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Coyotes Hockey School Helps Grow the Game

by Cat Silverman / Arizona Coyotes

GLENDALE – Earlier this month, nearly 100 Phoenix-area kids got to step on the ice at Gila River Arena and skate with some future pros at the first annual Coyotes Hockey School.

“Having an opportunity like this can be extremely rare,” said Tom Johnson, the school’s head instructor. “Not very many kids will ever have the opportunity to skate at an NHL arena, let alone participate in drills with the future stars of the game.”

Coyotes prospects Brendan Perlini, Dylan Strome, Christian Dvorak, Ryan MacInnis, Christian Fischer, Jakob Chychrun, Conor Garland, Dysin Mayo and Cam Dineen served as guest instructors throughout the five-day event.

Photo by Norm Hall.

“The kids enjoyed the prospects, and you could tell they tried a little harder while the prospects were out there,” said assistant coach Zach Izumi, who serves as one of the head coaches for the Arizona Coyotes Hockey Development.

From getting to watch the prospects power skate during lunch break one day – which Izumi said helped the kids realize that even the big names need to do the little things to keep getting better – to getting to hang out on a pro rink, the camp was a young hockey fan’s dream come true.

“I remember going to camps like these as a kid,” said Izumi, who grew up playing hockey out west, “but it was always at our local rinks. It was never at a professional rink, seeing behind-the-scenes stuff and doing off-ice training where the Coyotes skate. It’s an unbelievable experience for the kids.”

Campers took part in on-ice drills tailored for each age level, run by Johnson and Izumi, twice a day. They also were fed lunch and snacks, then did off-ice cross training activities and watched fun movies about hockey.

The younger age groups got to hang out with Howler, the iconic Coyotes mascot, and everyone got a chance to interact with the prospects.

The camp was part of the Hockey Development Program, run by Matt Shott of the Coyotes Fan Development Department. It built upon what the program works on during the season when coaches visit schools around Arizona to teach kids the fundamentals of hockey and get them involved in the game.

Photo by Norm Hall.

“We really made sure we did what we could to make sure the kids had a great experience and will want to continue playing.” Johnson said. “If you aren’t having fun, kids won’t want to play.”

It wasn’t all just fun and games, though.

The mites (ages 8 and under) started their days with a game like freeze tag, but worked on skating, passing, and shooting drills just like the older kids. For the 8-and-over age groups, warm-up skates took place each day as well, which resulted in tangible improvements in skating abilities for all the participants – regardless of their skill level coming into the camp, which included everyone from beginners to travel players.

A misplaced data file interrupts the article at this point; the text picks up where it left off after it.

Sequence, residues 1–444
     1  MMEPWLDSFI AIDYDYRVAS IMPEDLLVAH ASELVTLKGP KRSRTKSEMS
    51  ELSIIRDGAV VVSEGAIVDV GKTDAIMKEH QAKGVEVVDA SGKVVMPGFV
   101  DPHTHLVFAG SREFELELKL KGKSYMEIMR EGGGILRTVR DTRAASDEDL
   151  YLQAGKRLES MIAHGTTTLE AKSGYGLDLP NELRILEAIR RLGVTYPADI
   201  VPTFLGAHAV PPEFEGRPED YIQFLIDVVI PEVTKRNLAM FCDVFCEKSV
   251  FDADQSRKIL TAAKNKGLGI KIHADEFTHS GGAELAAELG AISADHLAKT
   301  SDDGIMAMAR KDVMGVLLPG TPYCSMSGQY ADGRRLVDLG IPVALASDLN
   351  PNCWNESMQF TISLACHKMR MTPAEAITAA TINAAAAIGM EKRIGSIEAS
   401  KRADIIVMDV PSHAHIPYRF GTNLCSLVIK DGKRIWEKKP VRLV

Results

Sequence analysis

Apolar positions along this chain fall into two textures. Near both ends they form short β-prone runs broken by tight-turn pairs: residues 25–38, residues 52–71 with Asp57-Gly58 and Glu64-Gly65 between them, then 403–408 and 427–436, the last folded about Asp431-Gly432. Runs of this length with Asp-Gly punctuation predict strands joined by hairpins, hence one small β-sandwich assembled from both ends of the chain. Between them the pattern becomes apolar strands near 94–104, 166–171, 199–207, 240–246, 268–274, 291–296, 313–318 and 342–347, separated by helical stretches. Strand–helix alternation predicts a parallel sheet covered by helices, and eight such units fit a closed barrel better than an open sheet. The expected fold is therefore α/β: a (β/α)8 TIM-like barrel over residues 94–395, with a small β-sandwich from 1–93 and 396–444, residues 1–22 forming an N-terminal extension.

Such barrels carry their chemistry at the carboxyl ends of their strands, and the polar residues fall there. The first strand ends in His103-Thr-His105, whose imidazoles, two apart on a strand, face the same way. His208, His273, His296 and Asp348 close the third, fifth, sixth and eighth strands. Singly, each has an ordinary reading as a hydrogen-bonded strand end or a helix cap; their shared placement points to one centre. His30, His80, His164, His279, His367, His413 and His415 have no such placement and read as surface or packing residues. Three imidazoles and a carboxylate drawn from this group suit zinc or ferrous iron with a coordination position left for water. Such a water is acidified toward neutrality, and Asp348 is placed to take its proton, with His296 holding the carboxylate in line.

“With our middle group, we focused on individual skill with the puck,” Johnson said, “then our oldest group – bantam (14U) and midget (16U) – focused on offensive creativity. We stressed what players should look for when trying to create space offensively, and how to have better individual puck management in both an individual setting and a team setting.”

Combined with games like soccer, dodge ball, capture the flag, and street hockey, the participants learned about how to improve their on-ice game and how to understand that what they do off the ice affects them on the ice.

It wasn’t just an impactful experience for the campers, either.

Chychrun, selected 16th overall by the Coyotes this summer at the 2016 NHL Entry Draft, reflected on what this type of school would have meant to him as a kid.

Photo by Norm Hall.

“It’s always special when we’re able to (skate with kids who look up to us),” he said. “When I was a kid, if that had ever happened for me, I would have been very excited… just to be able to go out there with those kids, as a player at a level they may hope to play one day.”

Strome, whom the Coyotes drafted third overall in 2015, agreed.

“Growing up in Toronto, these camps were super popular,” he said, “but whenever we got to see a professional hockey player – or even someone with a little bit of pedigree to the game – come out, it was pretty special. I always enjoyed every second of it, so getting to do it now was nice.”

Skating in all different situations – particularly backwards – was something that Chychrun was glad to see the camp emphasizing to the players. He realizes the skating drills may not have been the most fun part of the camp for the kids, but he hoped he was able to help them see how important those things are to the game.

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